Not Letting Food Go To ‘Waist!’

Nathalie’s Healthy Cooking Tip!


My Mum, Nathalie, has taught me heaps about healthy cooking, which is why this post is dedicated to her. Every time my Mum cooks, it is healthy and full of flavour. With the right amount of ingredients, you really don’t need all this fat in cooking. My Mum has many great ideas, with regards to healthy cooking, however, I will just touch on a few of the main ones.

Make a habit of removing all the skin of chicken, prior to cooking it, in order to eat more healthy. Skin is full of fat, which may make your food go to your ‘waist’ i.e. don’t let food go to ‘waist.’ (Nathalie’s Cooking Tip)

Whilst cooking or frying food in a pan, it is advisable to only put the smallest amount of oil required to cook your food. Olive oil is one of the best oils to use, if you would be using oil. Better still, steam or boil your vegetables, rather than frying them, unless you’re attentively watching the fat content in your fry pan. (Nathalie’s Cooking Tip)

Whilst baking, use fruits in order to naturally sweeten your bakes. This way, your bakes will still taste great and will also taste sweet from the natural sugars coming out of the fruit. (Nathalie’s Cooking Tip)

Try to use as little butter as possible in your baking and cooking. Try to replace butter with olive oil or another healthy cooking oil. Your bakes and cooking will still taste great, with nowhere near as much saturated fat contained in your cooking. If the recipe really needs butter, try replacing at least 3/4 of the butter for olive oil, then put the rest butter. Alternatively, you can experiment by using olive oil spread, which still has less saturated fat than butter. (Karina’s Cooking Tip)

Whenever you make a pasta dish, try to avoid cooking white sauces, as these are usually high in saturated fat. If you really would like to use a white sauce, then make your own and use low-fat cheese, low-fat milk and olive oil spread instead of butter. (Karina’s Cooking Tip)

There are many more tips I can think of, however, I will leave you with all this for now.


Karina x

Copyright © 2015 by Karina Teuma


What a ‘Cover Up!’

Karina’s Environmental Cooking Tip!


My Mum taught me from a young age: save electricity! As far back as I remember, she has taught me how to conserve electricity in the kitchen. Being brought up with a combustion oven, for about 10 years of my teenage years, I instinctively acknowledge the significant environmental, financial and wellbeing advantages of cooking from a combustion oven. The environmental advantage is that you are saving electricity. The financial advantage is that you are saving money from not needing to utilise as much electricity. The wellbeing advantages is that during the winter time, this combustion oven acts as a heater. You also get to chop fire wood, which will help burn those calories! Win-win!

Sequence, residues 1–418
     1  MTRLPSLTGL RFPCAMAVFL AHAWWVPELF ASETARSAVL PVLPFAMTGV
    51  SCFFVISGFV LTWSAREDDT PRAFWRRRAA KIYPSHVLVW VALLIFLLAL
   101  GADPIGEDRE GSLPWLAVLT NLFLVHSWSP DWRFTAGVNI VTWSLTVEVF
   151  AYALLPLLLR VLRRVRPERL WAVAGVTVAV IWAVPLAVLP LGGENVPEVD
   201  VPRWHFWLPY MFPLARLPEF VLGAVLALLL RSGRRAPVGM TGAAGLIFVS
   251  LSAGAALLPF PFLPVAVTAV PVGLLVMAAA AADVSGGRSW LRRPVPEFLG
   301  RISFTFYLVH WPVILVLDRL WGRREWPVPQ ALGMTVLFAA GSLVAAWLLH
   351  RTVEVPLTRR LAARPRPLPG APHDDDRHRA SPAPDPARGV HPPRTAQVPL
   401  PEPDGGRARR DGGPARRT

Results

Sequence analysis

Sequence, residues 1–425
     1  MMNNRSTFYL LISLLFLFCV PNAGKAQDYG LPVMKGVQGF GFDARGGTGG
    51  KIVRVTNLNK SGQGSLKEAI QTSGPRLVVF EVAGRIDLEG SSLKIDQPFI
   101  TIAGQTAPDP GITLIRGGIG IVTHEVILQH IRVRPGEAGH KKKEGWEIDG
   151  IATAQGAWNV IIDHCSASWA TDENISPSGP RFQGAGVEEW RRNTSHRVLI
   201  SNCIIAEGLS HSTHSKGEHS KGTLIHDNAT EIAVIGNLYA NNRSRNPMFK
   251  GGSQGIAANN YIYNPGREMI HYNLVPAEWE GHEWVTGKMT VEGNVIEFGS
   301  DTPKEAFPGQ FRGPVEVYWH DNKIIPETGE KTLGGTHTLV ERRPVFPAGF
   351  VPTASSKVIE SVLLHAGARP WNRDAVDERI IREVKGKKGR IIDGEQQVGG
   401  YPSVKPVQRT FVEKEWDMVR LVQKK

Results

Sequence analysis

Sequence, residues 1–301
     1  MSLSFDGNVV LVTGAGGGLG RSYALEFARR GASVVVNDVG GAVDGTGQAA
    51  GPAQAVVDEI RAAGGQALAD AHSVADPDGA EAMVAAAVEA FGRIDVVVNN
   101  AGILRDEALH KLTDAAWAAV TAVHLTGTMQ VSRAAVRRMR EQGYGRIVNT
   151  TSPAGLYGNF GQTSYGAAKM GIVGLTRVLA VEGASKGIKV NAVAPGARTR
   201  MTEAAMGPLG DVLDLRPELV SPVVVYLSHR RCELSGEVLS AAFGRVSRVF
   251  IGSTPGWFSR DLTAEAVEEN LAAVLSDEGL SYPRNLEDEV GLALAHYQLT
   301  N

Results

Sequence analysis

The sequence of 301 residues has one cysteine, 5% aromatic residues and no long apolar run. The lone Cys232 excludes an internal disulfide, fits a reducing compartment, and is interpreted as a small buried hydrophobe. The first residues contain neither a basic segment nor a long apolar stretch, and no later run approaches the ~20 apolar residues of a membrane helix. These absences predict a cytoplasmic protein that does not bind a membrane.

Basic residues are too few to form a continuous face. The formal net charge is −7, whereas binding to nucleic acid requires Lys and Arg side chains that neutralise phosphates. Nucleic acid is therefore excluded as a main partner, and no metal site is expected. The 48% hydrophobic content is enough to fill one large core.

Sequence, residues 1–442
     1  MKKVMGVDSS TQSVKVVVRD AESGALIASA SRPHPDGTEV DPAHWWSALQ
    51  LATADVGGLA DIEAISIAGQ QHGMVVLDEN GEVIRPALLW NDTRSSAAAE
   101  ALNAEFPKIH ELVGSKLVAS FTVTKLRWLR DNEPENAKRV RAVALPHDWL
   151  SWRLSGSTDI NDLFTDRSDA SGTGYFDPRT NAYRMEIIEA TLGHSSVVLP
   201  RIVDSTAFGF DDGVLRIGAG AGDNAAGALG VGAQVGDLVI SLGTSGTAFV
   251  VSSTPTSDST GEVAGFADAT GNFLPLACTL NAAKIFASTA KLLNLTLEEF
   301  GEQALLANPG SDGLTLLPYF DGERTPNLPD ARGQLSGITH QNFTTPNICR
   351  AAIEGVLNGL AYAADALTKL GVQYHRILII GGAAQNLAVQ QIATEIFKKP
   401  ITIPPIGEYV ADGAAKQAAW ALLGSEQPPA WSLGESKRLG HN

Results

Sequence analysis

Without telling you my life story, I will get to the point. Actually, I will get to a few points, as listed below:

– Always cook with the lids on all your pots and pans, unless you really want to make your food crispy, or if the method in the recipe requires the lid to remain off. Keeping the lids on will save you money and save the environment by creating shorter cooking periods and using less electricity.

– Turn the oven off about 5 minutes prior to your food being completely cooked. This way, the residual heat from the oven will continue to cook your food, hence helping the environment and saving money by reducing the time the oven is on and by using less electricity.

– If you have a combustion oven, do all your cooking in this oven and on the combustion stove top, which will save you money and will really help the environment in a huge way!

– Use your combustion oven to heat your house, instead of using the heater. This will save you money and will also help the environment.

– If you have a combustion stove, use the top of the stove to heat your stove-approved kettle (should be all made out of a material which would not melt when exposed to high temperatures). Since we no longer have a combustion oven, we still have a combustion stove, which we use all the time during the winter months to heat the house, boil the kettle and occasionally cook food.

I have many other environmental saving tips, however, I will keep this post brief.

Have fun in the kitchen!

Take care!

Karina x

Better ‘Hop’ to it!

Karina’s ‘Fresh’ Environmental Cooking Tip!


Pictured far left: Tamie, my Dog.

Pictured far right: Floppy.

My brother has a rabbit. His name is Floppy, however, he has many nick names. Apart from Floppy’s lovely nature and beautiful looks, he is also good for another thing. This thing is fertilisation for the garden!

I only started using rabbit poo for fertilising the garden about a few weeks ago, however, we have had Floppy for around ten years! The benefits to my vegetable garden have doubled! The crop is greener, fuller and tastier! The best thing is, you don’t need to pay for a fertiliser! This one is a very green environmental tip, since the rabbit poo goes straight from the ground, into the garden, by one scoop from the shovel! Beware not to over-fertilise, a very small amount of rabbit poo is sufficient, otherwise, you may do more harm than good!

Rabbit poo is one of the best manures for your gardens, since it is rich in many nutrients! One added benefit is that rabbit poo does not have an offensive odour, as some manures do.

Thanks Floppy, you’re the best!

Have fun in the garden!


Karina x